SEPTEMBER 29, 2016
Julian Robertson, a legendary hedge fund manager who founded one of the most successful hedge funds, Tiger Management, noted in a recent Bloomberg interview that the industry faces one of the toughest times encountered in his 40-year career, to generate returns and maintain the fee structure.
The 84-year hedge fund manager who founded Tiger Management in 1980 and turned it into one of the world’s largest hedge funds, returned outside money in 2000. He now manages his own money. Hedge funds as a group have had lackluster performance, underperforming the S&P 500 each year since 2008.
Yes, that’s right! The hedge fund industry has been unable to outperform the S&P 500 for 8-years running now.
Implications for Fees
No wonder there is a pushback from investors to cut-down on the management fee of 2 percent of assets and performance fee of 20 percent of gains. A recent survey found that 73 percent of institutional investors would like management fees to fall over the next year, and more than 50% would like performance fees to drop.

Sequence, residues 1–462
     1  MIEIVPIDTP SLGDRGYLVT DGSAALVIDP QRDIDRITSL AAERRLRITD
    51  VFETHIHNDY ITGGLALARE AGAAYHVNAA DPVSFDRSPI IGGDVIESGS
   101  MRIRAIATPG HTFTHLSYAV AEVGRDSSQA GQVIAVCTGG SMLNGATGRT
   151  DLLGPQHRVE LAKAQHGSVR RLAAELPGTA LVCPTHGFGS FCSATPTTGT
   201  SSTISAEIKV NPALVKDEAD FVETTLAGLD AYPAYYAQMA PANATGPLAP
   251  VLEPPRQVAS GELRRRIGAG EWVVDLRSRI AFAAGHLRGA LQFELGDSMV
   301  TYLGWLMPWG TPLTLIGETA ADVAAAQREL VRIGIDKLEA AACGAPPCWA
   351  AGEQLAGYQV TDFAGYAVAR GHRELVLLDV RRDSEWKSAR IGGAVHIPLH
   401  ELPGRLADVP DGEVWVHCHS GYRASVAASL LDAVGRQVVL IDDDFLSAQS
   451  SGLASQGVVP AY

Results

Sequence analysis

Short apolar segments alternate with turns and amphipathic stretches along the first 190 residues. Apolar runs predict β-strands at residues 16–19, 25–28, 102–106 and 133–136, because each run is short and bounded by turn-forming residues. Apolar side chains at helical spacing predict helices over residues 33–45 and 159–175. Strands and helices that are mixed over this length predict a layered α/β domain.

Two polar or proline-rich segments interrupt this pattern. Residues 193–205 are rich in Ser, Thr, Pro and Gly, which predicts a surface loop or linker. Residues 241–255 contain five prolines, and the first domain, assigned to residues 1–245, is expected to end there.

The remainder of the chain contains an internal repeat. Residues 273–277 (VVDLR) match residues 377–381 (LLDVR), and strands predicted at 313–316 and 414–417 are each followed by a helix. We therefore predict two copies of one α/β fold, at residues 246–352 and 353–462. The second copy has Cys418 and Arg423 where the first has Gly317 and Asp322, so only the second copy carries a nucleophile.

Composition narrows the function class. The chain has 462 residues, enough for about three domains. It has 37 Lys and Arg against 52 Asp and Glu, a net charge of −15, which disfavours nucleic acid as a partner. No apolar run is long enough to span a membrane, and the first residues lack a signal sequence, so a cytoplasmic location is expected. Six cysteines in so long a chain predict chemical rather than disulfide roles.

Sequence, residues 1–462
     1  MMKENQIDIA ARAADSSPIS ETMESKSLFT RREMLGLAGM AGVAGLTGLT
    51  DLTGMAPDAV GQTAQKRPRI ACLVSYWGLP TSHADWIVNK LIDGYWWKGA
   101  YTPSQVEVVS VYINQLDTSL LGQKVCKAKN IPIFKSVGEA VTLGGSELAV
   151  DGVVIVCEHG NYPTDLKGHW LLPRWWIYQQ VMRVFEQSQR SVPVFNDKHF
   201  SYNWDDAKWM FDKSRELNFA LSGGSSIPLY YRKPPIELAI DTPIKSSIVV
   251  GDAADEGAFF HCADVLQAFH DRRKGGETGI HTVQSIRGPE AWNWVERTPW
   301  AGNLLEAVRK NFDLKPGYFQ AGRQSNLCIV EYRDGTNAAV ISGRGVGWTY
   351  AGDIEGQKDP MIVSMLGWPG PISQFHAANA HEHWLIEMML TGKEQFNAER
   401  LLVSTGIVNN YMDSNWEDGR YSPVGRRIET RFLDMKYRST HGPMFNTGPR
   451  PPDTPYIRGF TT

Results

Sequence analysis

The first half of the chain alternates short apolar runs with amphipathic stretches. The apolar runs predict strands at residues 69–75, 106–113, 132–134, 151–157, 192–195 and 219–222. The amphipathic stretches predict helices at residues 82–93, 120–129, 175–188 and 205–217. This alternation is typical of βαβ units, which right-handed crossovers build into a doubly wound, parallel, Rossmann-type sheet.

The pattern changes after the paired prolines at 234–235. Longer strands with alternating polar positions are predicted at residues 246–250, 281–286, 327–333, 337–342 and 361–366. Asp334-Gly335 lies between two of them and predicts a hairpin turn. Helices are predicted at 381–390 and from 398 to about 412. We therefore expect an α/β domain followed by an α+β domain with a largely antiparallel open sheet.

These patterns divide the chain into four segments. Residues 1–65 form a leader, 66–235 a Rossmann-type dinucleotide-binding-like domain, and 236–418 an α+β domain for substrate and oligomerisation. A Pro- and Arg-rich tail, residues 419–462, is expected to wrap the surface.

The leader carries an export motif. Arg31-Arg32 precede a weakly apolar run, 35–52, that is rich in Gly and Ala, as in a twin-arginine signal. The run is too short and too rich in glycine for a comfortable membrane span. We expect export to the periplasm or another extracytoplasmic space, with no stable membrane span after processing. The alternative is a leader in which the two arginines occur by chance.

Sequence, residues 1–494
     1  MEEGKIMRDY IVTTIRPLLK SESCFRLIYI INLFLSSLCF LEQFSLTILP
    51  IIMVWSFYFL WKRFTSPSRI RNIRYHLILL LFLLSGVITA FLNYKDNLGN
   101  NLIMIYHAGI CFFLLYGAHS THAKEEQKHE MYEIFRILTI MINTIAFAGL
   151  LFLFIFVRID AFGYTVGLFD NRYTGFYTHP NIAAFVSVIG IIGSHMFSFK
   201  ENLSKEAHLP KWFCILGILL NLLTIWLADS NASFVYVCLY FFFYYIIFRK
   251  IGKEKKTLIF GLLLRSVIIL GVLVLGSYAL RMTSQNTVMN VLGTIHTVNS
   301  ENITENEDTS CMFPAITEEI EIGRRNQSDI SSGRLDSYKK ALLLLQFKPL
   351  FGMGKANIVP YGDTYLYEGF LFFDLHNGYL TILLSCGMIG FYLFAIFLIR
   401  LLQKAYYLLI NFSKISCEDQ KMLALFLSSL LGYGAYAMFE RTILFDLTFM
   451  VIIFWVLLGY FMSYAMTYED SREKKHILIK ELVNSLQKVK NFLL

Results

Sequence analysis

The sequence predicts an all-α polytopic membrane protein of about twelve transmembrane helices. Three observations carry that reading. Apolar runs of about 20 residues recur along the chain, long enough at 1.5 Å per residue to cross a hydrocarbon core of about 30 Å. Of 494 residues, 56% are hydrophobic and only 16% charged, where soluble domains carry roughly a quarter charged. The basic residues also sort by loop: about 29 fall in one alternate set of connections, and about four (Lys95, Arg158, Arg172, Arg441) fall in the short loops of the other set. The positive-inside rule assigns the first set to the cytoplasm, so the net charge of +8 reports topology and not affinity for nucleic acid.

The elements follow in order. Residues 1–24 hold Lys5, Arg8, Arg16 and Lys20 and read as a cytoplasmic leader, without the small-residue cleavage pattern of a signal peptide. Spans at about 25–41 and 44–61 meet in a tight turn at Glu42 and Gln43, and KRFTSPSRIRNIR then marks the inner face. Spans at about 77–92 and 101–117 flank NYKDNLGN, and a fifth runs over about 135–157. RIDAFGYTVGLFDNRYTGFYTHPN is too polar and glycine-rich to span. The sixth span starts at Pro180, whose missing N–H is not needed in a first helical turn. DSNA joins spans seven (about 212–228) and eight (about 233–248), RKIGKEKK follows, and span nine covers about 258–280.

In our opinion, there are a number of factors that contribute to this under-performance including high fees, and perhaps difficulty in calling market direction, behavioral biases, and of course quantitative strategies, which are becoming harder to compete against.
Julian Robertson has left active management of outside money. But his influence on the industry remains large. He continues to provide seed capital to a new generation of managers who worked with him or follow his philosophy. These managers are aptly nicknamed the “Tiger Cubs.”
The full article can be read at Bloomberg.